Apparent Botched Abortion at George Tiller’s Center Comes Days Before Trial

State   |   Steven Ertelt   |   Mar 12, 2009   |   9:00AM   |   WASHINGTON, DC

Apparent Botched Abortion at George Tiller’s Center Comes Days Before Trial

by Steven Ertelt Editor
March 12
, 2009

Wichita, KS ( — An apparent botched abortion has occurred at the late-term abortion business of George Tiller in Kansas just four days before jury selection begins in his trial for allegedly doing illegal late-term abortions. An ambulance transported a woman from Women’s Health Care Services to a local hospital.

Eyewitnesses say Sedgwick County ambulance number 23 left Tiller’s abortion center Thursday at mid-afternoon and transported a woman to Wesley Medical Center.

The ambulance had no lights or sirens running — which is customary with many abortion facilities that don’t want to draw attention to failed abortions.

The patient was rushed into the emergency room with her head covered, leaving witnesses to wonder if she was alive, Operation Rescue president Troy Newman informed

Tiller followed the ambulance to the medical center in a vehicle driven by unlicensed "nurse" Cathy Reavis and dropped him off at an entrance on the east side of the building, out of sight from Operation Rescue staffers who were photographing the incident near the Emergency Room entrance.

"Tiller’s abortion clinic operates outside the bounds of the law and moral decency," Newman said. "How many women must suffer life-threatening injuries or even death until he is jailed and his dangerous abortion business is shut down?"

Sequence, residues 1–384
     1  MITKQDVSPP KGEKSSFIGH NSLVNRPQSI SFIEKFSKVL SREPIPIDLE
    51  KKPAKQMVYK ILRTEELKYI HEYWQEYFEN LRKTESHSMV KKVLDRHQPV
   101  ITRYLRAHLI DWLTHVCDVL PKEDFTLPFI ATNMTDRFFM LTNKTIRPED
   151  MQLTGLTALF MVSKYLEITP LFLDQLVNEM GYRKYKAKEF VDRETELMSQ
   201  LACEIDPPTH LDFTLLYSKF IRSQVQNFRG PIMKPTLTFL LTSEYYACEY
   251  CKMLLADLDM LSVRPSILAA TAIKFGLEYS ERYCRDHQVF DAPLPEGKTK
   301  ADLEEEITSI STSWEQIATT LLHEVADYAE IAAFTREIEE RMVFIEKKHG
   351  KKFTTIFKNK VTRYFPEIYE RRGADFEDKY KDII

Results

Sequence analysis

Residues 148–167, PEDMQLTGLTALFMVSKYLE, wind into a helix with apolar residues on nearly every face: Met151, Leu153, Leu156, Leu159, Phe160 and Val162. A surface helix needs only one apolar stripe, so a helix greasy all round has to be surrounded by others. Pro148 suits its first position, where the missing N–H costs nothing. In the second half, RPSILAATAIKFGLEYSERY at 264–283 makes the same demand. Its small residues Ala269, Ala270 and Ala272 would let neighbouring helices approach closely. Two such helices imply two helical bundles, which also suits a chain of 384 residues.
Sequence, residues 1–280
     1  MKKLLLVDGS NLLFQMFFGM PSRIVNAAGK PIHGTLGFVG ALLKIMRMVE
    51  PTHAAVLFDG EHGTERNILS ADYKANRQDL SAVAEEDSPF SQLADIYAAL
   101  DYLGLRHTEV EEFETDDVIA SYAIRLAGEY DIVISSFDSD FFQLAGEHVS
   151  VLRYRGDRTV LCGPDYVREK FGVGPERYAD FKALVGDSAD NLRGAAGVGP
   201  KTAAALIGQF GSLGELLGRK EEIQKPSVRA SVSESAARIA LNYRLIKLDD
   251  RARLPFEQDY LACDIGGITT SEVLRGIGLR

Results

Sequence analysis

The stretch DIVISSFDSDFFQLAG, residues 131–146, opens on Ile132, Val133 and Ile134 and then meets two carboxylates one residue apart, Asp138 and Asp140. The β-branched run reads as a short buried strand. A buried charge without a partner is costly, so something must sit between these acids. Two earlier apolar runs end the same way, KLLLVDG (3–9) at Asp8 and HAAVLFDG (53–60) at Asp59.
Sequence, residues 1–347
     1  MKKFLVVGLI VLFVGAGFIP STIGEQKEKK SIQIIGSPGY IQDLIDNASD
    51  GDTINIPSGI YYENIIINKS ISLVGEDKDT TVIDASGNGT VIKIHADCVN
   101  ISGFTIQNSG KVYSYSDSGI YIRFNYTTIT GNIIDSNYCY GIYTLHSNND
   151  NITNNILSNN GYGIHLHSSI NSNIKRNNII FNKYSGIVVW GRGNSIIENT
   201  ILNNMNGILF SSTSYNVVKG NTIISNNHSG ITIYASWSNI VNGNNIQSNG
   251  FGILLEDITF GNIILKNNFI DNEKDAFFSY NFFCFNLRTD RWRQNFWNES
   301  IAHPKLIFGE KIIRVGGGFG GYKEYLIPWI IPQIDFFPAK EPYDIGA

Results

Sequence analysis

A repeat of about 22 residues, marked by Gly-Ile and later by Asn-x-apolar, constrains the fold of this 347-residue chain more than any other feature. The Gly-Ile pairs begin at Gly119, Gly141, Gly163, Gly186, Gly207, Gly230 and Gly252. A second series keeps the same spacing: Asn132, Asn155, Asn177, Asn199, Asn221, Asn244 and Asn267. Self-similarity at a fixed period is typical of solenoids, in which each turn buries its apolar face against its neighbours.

Tiller has been accused of violating state law requiring a second, independent, physician to sign off on his late-term abortions.

Tiller was slapped with 19 criminal charges for failing to follow the law and using a fellow abortion practitioner with whom he has a financial relationship to claim the abortions were medically necessary.

Sedgwick County District Court Judge Clark Owens released a decision last month dismissing a request from Tiller attorneys that the evidence in the case be suppressed because of claims that it was improperly obtained.

Judge Owens addressed all the concerns Tiller’s attorneys brought up over six days of testimony, including claims that former Attorney General Phill Kline acted in a way that should allow the case to be dismissed.

Owens’ ruling exonerated Kline and allows the trial to move ahead.

"While Phill Kline testified that he would like for all abortions to be outlawed, his investigations made no attempts to prevent lawful abortions from being performed in the State of Kansas," Owens ruled.

"His conduct in the investigation does not merit the sanction of the dismissal of the charges or suppression of evidence," Judge Owens added. "The motion to dismiss or suppress is therefore denied."

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